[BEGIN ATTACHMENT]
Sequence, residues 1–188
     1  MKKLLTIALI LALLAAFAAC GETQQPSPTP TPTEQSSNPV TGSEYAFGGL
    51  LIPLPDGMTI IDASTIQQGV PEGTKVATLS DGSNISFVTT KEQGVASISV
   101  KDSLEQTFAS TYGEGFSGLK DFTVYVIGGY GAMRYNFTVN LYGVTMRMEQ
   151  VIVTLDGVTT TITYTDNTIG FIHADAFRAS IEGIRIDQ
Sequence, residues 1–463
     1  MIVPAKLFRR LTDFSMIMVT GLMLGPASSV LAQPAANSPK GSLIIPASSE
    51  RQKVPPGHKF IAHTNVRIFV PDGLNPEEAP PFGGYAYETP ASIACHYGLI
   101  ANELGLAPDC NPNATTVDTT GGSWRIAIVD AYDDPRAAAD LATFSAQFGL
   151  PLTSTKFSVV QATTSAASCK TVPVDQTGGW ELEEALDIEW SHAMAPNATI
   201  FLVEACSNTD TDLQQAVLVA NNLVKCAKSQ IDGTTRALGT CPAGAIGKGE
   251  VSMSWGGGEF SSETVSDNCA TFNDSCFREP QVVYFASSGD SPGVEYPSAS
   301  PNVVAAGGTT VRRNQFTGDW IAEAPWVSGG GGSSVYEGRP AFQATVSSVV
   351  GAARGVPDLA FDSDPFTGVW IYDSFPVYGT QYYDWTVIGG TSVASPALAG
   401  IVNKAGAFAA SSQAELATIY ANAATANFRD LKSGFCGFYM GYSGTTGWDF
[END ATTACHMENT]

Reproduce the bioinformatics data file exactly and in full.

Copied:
Sequence, residues 1–188
     1  MKKLLTIALI LALLAAFAAC GETQQPSPTP TPTEQSSNPV TGSEYAFGGL
    51  LIPLPDGMTI IDASTIQQGV PEGTKVATLS DGSNISFVTT KEQGVASISV
   101  KDSLEQTFAS TYGEGFSGLK DFTVYVIGGY GAMRYNFTVN LYGVTMRMEQ
   151  VIVTLDGVTT TITYTDNTIG FIHADAFRAS IEGIRIDQ
Sequence, residues 1–463
     1  MIVPAKLFRR LTDFSMIMVT GLMLGPASSV LAQPAANSPK GSLIIPASSE
    51  RQKVPPGHKF IAHTNVRIFV PDGLNPEEAP PFGGYAYETP ASIACHYGLI
   101  ANELGLAPDC NPNATTVDTT GGSWRIAIVD AYDDPRAAAD LATFSAQFGL
   151  PLTSTKFSVV QATTSAASCK TVPVDQTGGW ELEEALDIEW SHAMAPNATI
   201  FLVEACSNTD TDLQQAVLVA NNLVKCAKSQ IDGTTRALGT CPAGAIGKGE
   251  VSMSWGGGEF SSETVSDNCA TFNDSCFREP QVVYFASSGD SPGVEYPSAS
   301  PNVVAAGGTT VRRNQFTGDW IAEAPWVSGG GGSSVYEGRP AFQATVSSVV
   351  GAARGVPDLA FDSDPFTGVW IYDSFPVYGT QYYDWTVIGG TSVASPALAG
   401  IVNKAGAFAA SSQAELATIY ANAATANFRD LKSGFCGFYM GYSGTTGWDF